Documents captured by the United States army in an Al-Qaeda safe house in Pakistan expose the ambivalent relations between Al-Qaeda and Iran.

The front cover of the CTC analysis of 17 internal Al-Qaeda communications.
The front cover of the CTC analysis of 17 internal Al-Qaeda communications.


1. On May 3, 2012, a year after Osama bin Laden was killed by an elite navy SEAL team unit, the United States released 17 de-classified documents captured in an Al-Qaeda safe house in Abbottabad, Pakistan. They were issued in both the original and in English translation and an analysis in a book entitled Letters from Abbottabad: Bin Laden Sidelined?, published by the Combating Terrorism Center located at West Point.[1]

2. The 17 letters were part of 6,000 documents found in computers and on hard drives taken from a secret bin Laden compound in Abbottabad. They were written between 2006 and 2011, and include electronic letters and drafts written by bin Laden and other Al-Qaeda leaders.

3. The documents include correspondence from 2009 and 2010 between Osama bin Laden and a senior Al-Qaeda figure (aka Atiah) dealing with the release of Al-Qaeda operatives detained in Iran, and Al-Qaeda's view of Iran in general. The letters clearly reflect Al-Qaeda's grave suspicions of Iran, which it regards as an infidel Shiite country headed by a gang of criminals whose policy towards Al-Qaeda is hypcritical.

4. Shiite Iran and Sunni Al-Qaeda have a traditionally ambivalent relationship, the result of  deep ideological and religious differences. However, the two also collaborate on operational matters to promote common interests. One of Iran's goals in collaborating with Al-Qaeda is to prevent it from operating against Iran; another is to exploit its operational capabilities (and those of the global jihad) in the Middle East and around the globe to attack their mutual enemies, i.e., the United States, Israel and the Jewish people.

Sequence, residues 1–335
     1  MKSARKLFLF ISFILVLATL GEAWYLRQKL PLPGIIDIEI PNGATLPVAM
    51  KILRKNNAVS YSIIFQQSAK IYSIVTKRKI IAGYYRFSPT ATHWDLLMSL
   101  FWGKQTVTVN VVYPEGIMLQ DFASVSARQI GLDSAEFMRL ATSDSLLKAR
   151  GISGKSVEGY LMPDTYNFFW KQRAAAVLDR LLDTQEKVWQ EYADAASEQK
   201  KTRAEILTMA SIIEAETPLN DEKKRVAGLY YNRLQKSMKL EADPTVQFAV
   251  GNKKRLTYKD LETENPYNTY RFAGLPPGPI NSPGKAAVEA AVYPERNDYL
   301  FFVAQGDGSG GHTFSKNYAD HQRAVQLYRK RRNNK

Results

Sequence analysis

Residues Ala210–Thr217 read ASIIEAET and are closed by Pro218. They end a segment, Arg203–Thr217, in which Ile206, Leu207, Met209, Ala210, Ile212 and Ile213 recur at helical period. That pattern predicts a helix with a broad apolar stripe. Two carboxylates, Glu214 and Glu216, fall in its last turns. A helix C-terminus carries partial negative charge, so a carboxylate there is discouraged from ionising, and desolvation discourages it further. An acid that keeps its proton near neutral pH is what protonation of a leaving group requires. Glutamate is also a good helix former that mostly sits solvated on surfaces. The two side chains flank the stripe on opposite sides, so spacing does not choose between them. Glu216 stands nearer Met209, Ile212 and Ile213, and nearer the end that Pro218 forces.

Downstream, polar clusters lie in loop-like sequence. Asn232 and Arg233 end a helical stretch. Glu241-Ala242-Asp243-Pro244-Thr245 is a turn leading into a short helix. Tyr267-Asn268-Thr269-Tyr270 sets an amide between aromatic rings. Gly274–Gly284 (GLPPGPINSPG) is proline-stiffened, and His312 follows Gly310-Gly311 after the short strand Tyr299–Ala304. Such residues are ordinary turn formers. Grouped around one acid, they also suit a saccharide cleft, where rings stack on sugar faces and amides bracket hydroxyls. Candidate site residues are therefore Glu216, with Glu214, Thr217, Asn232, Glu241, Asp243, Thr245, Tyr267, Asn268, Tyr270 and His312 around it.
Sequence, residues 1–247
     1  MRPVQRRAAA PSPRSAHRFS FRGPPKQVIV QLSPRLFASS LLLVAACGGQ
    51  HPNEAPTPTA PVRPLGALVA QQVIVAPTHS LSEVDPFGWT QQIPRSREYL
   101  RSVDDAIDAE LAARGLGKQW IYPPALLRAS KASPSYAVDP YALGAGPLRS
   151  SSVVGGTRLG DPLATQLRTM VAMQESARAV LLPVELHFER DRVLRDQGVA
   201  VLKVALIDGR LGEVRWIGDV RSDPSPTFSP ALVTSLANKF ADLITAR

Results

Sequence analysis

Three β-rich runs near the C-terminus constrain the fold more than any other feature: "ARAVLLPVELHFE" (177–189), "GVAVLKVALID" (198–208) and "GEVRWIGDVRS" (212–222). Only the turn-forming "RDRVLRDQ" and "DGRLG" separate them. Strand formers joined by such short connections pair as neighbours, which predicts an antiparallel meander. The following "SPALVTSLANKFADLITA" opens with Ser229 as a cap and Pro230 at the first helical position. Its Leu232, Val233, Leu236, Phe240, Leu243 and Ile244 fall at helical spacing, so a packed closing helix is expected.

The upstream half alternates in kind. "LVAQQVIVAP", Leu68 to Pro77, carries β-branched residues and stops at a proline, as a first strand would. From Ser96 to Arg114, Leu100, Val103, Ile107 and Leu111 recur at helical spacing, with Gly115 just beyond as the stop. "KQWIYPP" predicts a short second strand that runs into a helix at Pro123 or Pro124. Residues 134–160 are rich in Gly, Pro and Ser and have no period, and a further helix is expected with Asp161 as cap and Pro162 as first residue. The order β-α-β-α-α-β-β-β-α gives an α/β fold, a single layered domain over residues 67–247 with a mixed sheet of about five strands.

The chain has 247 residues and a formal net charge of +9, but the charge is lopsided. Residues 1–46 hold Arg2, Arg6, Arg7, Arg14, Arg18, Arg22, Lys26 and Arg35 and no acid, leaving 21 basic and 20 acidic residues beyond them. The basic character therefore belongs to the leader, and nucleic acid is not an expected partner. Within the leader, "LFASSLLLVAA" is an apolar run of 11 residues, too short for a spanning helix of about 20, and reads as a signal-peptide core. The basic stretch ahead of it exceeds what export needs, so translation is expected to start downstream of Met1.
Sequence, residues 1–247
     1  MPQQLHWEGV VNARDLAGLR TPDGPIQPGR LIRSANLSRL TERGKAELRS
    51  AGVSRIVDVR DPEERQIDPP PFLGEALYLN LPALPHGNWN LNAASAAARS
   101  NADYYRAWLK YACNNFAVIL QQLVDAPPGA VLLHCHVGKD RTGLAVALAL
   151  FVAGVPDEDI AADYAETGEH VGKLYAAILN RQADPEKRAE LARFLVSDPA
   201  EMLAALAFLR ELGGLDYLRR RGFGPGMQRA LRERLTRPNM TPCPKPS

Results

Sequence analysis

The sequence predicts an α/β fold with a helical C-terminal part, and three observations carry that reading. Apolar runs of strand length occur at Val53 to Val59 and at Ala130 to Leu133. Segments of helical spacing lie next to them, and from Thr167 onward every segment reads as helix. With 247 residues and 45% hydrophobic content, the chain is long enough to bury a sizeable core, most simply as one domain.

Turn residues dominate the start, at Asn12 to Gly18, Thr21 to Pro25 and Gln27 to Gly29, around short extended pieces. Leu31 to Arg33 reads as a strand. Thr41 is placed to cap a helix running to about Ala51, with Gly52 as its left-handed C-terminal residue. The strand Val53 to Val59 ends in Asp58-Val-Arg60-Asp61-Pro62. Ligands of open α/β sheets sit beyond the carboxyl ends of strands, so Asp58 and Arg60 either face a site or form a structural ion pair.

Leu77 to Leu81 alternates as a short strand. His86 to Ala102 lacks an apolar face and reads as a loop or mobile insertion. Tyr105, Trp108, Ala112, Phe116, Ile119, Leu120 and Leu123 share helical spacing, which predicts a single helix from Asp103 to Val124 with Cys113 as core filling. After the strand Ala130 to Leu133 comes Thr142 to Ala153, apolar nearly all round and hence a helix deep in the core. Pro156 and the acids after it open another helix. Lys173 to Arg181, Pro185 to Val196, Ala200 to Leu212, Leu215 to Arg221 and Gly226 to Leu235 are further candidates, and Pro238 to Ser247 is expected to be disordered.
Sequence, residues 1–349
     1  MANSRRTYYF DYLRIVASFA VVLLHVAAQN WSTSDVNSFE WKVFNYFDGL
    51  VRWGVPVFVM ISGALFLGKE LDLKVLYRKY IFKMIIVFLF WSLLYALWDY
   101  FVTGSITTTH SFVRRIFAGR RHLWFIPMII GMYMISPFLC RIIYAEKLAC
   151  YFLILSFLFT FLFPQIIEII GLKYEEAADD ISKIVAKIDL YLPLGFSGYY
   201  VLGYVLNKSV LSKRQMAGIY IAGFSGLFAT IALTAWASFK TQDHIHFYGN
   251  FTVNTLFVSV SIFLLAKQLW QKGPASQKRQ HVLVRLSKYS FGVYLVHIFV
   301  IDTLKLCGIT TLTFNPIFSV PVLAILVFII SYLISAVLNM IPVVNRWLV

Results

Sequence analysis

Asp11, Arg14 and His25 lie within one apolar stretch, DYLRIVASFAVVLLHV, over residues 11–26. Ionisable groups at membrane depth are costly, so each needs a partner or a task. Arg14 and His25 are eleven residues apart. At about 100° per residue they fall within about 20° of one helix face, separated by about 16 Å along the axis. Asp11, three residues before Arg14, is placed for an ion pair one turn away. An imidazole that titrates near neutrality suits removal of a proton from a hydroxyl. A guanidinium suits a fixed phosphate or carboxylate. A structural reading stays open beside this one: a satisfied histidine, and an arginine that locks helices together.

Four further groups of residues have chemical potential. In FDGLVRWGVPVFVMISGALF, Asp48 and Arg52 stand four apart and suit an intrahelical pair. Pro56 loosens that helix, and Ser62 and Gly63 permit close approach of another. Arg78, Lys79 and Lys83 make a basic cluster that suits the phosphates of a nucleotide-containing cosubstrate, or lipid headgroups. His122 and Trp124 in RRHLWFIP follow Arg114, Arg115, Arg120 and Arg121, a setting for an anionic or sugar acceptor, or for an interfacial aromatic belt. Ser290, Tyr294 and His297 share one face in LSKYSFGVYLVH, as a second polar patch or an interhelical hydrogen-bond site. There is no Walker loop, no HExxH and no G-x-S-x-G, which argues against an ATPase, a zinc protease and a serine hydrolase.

5. The letters show that the complex relations between the two have improved since 2009 when Iran released Al-Qaeda operatives and relatives of bin Laden who had been detained several years previously. A practical expression of the improved relations was Iran's permitting an Al-Qaeda network to operate an important route in Iran from Afghanistan and Pakistan to focal points of terrorism in the Middle East and beyond. The network dealt with transferring operatives and funds while the Iranian regime turned a blind eye and perhaps even provided practical support (despite Al-Qaeda's terrorist activities in countries like Syria and Iraq which harm Iranian interests, especially in view of regional upheavals).

6. In conclusion, Iran is important to Al-Qaeda for advancing its logistic activities (transferring operatives and funds)  and as a base for its operational activities, which is why the Al-Qaeda leadership regards the network in Iran as an important asset. That is especially true in view of regional upheavals and Al-Qaeda leadership's desire to strengthen its foothold in the area, and in view of the Al-Qaeda's having been weakened in Pakistan by the targeted killings of many of its senior leaders there (the latest of whom was Abu Yahya al-Libi) and the possibility that the release of detainees would strengthen its ranks.

[1]  For the original letters see